Chomsky questions totalitarian regimes, without specifying which.  I believe there is totalitarianism exercised by all supremacist oligarchies.  Their foundation is economic and as a consequence they generate patterns determined in their society.  In addition there is another type of totalitarianism that is exercised by political rulers, and its foundation is social.  These rulers impose not only a system but an ideology, where it doesn’t matter if it’s erred or if it’s what the population wants to believe.  It’s the one that’s established!

If Chomsky is on the left and he sympathizes with socialism, that has nothing to do with his arguments resembling our truths.  On the other hand, a while ago I read an article in the Juventud Rebelde newspaper (which is part of the official national media), criticizing “Yankee imperialism” using the writings of George Orwell, someone considered by many people to be an anti-communist.

That’s why my friends from wherever in the world, writing is a delicate occupation that like a great river can have many tributaries.  The passageways of words are immense and indefinite, if — in the end — everything is a question of interpretation…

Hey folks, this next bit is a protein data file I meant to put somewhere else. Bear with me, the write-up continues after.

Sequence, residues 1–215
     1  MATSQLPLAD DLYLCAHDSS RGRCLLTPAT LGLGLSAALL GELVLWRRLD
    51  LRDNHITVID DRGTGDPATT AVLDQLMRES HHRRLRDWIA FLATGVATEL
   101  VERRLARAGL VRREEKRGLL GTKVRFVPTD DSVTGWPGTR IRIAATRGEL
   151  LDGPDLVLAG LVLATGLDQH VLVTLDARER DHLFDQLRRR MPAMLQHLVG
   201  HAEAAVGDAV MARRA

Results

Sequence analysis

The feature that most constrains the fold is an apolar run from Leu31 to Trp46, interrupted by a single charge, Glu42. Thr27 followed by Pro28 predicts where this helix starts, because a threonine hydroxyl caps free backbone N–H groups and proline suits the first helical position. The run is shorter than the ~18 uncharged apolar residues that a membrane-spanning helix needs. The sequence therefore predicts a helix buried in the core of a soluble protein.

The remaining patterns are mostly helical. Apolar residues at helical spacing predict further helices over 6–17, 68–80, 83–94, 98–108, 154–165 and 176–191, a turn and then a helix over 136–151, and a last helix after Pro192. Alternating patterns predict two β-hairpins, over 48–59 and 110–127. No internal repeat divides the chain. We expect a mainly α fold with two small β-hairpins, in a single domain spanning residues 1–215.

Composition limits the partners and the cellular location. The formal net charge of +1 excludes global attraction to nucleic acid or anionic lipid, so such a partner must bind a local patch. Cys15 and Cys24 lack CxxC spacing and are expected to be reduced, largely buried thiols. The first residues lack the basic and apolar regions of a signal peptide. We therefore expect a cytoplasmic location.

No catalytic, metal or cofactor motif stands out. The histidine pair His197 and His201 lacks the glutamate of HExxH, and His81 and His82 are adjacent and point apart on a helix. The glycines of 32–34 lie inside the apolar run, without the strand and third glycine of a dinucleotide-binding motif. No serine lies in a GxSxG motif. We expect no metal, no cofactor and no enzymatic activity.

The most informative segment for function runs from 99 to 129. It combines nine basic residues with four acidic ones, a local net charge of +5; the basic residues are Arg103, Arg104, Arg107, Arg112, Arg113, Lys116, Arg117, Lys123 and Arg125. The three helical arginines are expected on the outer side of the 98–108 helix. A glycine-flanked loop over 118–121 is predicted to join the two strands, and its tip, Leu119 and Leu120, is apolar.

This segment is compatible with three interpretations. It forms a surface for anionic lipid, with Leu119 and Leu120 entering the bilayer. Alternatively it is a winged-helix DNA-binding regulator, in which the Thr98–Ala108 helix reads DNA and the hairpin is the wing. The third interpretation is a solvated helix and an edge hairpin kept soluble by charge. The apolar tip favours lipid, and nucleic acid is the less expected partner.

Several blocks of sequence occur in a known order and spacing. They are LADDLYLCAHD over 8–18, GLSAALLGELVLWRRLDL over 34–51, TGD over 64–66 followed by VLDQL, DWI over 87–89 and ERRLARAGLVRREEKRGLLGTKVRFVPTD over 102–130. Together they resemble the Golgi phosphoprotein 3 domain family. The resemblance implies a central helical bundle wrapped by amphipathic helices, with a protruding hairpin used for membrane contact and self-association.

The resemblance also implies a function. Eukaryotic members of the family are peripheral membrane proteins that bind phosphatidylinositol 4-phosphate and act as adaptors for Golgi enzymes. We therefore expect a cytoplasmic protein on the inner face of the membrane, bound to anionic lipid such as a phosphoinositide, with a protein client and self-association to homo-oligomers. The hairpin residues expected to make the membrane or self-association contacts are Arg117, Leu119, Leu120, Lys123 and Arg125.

What's your opinion?

  • http://www.youtube.com/user/elizabethfaraone Elizabeth Faraone

    Those who said Chomsky would disapprove are incorrect, although Chomsky would not refer to people as mediocre – he might refer to them as vulnerable and easily manipulated. Chomsky is aware of the propaganda within Cuba and disapproves of it. He would approve of standing up against corrupt authority, which the honest know exists within Cuba, just as it does everywhere else.

    Here is one thing Chomsky has said regarding Cuba, and I hope you will agree:

    “No one familiar with US practices in the region or elsewhere can possibly believe that the goal of intensive US terror operations against Cuba and harsh economic warfare was intended to “bring democracy to the Cuban people.” That is just propaganda, unusually vulgar in this case.